I performed a brute-force attack on the password of an encrypted PDF and a brute-force attack on the key of (another) encrypted PDF, both PDFs are part of a challenge published by John August.
The encryption key is derived from the password. it’s not just based on the password only, but also on metadata. This implies that different PDFs encrypted with the same user password, will have different encryption keys.
When you recover the user password of an encrypted PDF, you can just use it with PDF readers like Adobe Reader: they will ask you for the password, you provide it and the PDF will be decrypted and rendered.
But when you recover the key of an encrypted PDF, you can not use it with PDF reader: there is no feature that will allow you to input a key in stead of a password. The only method I knew to decrypt a PDF document with its encryption key, was to use Elcomsoft’s PDF cracking tool:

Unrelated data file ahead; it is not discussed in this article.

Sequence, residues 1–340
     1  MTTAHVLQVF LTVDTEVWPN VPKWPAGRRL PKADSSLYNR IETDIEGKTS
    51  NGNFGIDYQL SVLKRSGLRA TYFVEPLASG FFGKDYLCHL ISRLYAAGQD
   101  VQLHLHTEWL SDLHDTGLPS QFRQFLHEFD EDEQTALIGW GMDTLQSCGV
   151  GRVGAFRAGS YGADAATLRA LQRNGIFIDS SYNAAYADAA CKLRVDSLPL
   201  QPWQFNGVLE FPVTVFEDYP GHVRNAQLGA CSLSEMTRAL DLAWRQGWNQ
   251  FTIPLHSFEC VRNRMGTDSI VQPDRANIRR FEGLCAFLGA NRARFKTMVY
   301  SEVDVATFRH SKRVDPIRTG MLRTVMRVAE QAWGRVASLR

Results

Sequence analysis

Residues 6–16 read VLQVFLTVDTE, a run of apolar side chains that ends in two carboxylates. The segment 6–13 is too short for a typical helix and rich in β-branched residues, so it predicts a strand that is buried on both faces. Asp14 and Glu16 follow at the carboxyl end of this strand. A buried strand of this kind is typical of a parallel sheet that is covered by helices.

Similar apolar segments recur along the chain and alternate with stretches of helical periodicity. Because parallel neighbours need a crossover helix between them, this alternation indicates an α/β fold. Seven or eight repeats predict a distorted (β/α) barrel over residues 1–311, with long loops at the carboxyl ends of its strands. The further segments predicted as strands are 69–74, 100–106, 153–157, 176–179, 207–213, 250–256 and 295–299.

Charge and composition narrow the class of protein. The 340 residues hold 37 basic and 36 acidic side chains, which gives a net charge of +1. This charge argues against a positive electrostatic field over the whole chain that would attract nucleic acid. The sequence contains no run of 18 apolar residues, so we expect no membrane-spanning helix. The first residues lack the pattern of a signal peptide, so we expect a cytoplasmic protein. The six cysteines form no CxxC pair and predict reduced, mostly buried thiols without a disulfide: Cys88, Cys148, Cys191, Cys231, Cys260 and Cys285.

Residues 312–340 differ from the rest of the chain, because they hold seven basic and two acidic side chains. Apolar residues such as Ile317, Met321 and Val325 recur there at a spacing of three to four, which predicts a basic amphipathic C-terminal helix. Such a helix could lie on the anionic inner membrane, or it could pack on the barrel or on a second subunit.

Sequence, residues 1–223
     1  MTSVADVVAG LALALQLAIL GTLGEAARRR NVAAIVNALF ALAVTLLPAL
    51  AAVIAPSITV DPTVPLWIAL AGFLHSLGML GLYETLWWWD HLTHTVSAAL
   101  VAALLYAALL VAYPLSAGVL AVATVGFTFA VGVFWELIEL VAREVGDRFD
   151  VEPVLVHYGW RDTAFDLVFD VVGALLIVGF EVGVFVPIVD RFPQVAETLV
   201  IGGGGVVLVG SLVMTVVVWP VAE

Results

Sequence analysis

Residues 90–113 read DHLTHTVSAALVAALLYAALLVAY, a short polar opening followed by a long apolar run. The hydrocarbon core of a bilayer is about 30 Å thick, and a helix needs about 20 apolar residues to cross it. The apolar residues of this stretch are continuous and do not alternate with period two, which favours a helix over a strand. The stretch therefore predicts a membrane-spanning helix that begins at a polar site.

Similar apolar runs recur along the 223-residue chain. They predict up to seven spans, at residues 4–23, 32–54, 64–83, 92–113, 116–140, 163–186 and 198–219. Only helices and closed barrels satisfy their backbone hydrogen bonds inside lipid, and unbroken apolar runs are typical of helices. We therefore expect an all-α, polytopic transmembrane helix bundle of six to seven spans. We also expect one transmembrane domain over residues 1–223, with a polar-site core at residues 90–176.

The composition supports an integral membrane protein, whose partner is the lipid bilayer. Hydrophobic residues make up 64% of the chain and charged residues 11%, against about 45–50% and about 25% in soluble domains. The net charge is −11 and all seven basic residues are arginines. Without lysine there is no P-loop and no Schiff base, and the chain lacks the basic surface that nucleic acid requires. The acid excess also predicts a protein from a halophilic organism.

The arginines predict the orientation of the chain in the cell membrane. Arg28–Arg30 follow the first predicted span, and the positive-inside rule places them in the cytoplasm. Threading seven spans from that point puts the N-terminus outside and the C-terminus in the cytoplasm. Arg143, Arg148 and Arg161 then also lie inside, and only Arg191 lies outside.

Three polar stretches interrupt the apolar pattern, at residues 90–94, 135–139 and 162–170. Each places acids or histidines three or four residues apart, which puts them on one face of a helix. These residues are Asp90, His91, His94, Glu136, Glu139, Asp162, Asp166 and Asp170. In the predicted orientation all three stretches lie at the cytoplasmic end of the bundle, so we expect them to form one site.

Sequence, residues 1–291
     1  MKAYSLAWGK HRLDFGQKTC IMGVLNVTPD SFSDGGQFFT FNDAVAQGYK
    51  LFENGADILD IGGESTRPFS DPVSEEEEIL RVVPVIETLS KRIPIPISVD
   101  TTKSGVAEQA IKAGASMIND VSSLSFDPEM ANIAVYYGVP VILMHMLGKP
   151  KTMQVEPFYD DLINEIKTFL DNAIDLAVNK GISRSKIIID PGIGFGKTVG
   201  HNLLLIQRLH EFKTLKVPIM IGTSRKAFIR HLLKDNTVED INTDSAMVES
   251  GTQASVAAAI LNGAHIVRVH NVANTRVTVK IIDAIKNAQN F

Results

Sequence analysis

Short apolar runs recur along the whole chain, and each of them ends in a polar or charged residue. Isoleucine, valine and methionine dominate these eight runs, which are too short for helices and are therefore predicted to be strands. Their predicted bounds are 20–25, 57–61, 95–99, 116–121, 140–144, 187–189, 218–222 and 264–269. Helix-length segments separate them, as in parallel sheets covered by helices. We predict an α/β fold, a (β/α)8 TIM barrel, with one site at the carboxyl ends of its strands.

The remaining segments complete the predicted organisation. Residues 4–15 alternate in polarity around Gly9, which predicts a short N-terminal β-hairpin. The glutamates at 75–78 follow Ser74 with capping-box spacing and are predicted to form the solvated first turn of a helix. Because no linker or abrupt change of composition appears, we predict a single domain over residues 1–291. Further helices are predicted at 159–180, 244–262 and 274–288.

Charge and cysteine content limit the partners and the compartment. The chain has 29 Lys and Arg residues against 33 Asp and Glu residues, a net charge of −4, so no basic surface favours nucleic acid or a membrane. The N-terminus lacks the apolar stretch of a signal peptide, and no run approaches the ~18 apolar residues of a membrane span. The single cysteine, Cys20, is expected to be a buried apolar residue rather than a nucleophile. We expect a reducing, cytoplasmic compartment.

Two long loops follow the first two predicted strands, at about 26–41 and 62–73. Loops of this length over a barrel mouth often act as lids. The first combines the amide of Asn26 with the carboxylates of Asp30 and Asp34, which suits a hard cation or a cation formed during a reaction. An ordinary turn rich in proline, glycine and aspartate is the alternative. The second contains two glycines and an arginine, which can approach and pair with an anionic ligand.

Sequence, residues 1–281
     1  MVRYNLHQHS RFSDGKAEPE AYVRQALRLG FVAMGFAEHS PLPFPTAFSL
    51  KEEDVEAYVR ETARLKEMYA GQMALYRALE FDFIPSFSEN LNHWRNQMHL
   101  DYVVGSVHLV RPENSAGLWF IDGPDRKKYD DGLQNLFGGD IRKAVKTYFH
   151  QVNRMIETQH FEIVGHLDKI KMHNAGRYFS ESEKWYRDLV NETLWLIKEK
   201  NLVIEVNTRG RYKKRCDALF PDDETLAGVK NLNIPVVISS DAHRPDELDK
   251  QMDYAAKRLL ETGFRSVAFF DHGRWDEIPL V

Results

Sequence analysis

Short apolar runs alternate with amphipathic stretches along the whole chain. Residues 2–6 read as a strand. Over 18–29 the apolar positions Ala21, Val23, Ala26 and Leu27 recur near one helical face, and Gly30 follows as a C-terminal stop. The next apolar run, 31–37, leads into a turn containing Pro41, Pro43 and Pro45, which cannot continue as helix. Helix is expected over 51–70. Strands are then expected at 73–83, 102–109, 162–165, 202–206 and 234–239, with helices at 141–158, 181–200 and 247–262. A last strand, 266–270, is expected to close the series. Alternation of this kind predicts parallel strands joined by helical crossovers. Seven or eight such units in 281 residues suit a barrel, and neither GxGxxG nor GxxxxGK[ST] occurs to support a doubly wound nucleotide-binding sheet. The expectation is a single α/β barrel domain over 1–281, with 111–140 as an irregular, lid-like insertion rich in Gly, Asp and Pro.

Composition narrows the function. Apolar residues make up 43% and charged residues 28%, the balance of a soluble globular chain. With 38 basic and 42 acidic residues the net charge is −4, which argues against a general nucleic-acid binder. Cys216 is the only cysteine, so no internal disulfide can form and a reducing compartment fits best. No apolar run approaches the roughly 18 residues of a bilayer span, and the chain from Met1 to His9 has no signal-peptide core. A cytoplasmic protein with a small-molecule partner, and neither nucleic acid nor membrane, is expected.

Now I worked out a second method: I modified the source code of QPDF so that it will accept encryption keys too. It’s a quick and dirty hack, I did not add a new option to QPDF but I “hijacked” the –password option. If the value to the option –password starts with string “key:”, then QPDF will not derive the key from the provided password, but it will use the key provided as hexadecimal characters. Here is how I use it to decrypt the “tough” PDF:
I also made a small modification to the –show-encryption option, to display the encryption key:
If you are interested in this modified version of QPDF, you can find the modified source code files and Windows binaries here: